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Some other tragic ironies are also found in Act I. When Lady Macbeth, in support of her husband and his career, convinces him to kill Duncan, she is ironically ending her marriage to Macbeth. The irony isn't seen until later in the play, but her actions in Act I set up the situation that ends their marriage. Once Macbeth gives in to the temptations of the witches, he loses sight of everything, including his marriage. The Macbeths are a loving couple in Act I. By the end, Macbeth doesn't care when the doctor tells him his wife is very ill.
The other irony with Lady Macbeth also stems from her convincing Macbeth to kill Duncan. She is the hard-hearted wife in Act I who is trying to help her husband further his career. Yet, it is Lady Macbeth who later feels the pangs of guilt so deeply that she can't function, and it leads to her death.
Another irony comes from Macbeth's honor by King Duncan at the beginnning of the play. Bestowing on him the title of Thane of Cawdor would normally represent the actions of a heroic character, but Macbeth proves himself to be anything but heroic. An ironic tragedy is also tied to the crimes Macbeth committs. The more he sins through the commitment of his crimes, the less freedom he has. With each crime, Macbeth loses options in what he can do to protect himself and his reign as king. By the end, his options run out.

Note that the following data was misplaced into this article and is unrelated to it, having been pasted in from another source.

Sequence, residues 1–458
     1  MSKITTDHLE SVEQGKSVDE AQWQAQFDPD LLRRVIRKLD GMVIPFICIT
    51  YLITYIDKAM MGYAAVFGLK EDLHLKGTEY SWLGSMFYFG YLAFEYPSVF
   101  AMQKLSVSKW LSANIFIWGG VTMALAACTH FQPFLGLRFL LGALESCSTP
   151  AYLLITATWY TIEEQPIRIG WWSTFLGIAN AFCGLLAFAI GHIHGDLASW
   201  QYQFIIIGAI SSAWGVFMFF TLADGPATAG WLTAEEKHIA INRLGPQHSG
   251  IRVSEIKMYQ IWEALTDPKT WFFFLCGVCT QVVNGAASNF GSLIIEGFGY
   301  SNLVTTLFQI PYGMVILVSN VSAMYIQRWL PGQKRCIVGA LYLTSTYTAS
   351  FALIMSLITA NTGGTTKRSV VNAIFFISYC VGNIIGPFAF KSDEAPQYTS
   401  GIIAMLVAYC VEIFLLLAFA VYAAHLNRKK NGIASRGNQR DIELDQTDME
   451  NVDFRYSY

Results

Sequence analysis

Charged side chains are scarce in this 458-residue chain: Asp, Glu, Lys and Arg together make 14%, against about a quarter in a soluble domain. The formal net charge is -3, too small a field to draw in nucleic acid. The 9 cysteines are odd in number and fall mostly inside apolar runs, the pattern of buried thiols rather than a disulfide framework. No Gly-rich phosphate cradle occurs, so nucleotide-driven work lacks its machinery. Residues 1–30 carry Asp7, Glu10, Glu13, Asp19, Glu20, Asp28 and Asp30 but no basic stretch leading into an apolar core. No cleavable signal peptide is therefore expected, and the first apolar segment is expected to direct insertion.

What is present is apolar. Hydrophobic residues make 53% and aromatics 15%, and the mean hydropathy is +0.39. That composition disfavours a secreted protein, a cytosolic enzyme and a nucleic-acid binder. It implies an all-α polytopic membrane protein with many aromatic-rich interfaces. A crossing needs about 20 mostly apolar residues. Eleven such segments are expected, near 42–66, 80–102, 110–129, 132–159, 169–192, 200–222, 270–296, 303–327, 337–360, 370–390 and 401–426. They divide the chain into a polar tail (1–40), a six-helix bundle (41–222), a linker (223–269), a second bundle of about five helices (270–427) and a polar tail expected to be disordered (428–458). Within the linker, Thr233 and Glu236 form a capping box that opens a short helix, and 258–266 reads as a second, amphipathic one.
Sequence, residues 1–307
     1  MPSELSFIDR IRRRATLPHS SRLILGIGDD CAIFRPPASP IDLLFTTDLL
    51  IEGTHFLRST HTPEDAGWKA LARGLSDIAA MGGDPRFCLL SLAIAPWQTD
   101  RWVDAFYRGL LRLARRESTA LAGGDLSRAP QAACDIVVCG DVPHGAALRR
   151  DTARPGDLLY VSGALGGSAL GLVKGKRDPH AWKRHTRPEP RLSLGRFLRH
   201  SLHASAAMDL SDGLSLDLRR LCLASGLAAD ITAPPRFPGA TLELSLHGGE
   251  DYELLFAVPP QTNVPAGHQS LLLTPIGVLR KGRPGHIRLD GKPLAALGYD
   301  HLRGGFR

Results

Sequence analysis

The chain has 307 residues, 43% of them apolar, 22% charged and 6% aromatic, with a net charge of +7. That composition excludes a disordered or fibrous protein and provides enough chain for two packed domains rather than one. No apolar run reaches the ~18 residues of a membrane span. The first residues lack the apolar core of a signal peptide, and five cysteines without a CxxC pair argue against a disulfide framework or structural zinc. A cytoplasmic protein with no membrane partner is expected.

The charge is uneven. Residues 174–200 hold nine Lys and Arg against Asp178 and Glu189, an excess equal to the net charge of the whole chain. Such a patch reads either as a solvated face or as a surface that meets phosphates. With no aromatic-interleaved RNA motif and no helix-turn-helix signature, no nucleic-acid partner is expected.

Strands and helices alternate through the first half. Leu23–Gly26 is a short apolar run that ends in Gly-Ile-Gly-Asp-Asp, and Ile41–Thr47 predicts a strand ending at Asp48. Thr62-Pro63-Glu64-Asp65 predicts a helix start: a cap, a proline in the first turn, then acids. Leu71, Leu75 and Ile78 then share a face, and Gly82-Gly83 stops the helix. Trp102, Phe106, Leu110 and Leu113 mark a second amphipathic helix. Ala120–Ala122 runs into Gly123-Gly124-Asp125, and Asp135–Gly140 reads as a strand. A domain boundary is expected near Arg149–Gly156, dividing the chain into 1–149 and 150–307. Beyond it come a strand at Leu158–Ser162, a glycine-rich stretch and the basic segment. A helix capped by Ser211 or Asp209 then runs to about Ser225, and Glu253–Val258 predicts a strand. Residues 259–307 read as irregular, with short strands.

Tragic irony is synonymous with dramatic irony, which occurs when we the audience know more than the character knows—when we have privileged information. This happens immediately in Macbeth, when we meet the witches twice before Macbeth does, and each time we see them we know they are up to no good. Indeed, the second time we see them one tells her sisters she has been “killing swine” (1.3.2), surely foreboding ill for Macbeth. As for your second question, how dramatic / tragic irony affects the relationship of Macbeth to his wife, or what does tragic irony have to do with her influencing him, we see Lady Macbeth reading her husband’s letter and hear her reaction to it. She says to herself that he is “too full o’th’ milk of human kindness” (1.5. 17), which a warrior such as Macbeth would hardly like to hear his wife say about him, and then a few lines later she adds “Hie thee hither / That I may pour my spirits in thine ear, / And chastise with the valor of my tongue” (25-26), which would again insult his masculinity. In short, Macbeth does not realize his wife’s view of him, which he would find very offensive and derisive if he knew about it, causing him to be less likely to be persuaded by her if. I can imagine that if he had overheard her he would have said “how dare you speak about me that way” rather than “yes, dear, I will consider killing the king.”
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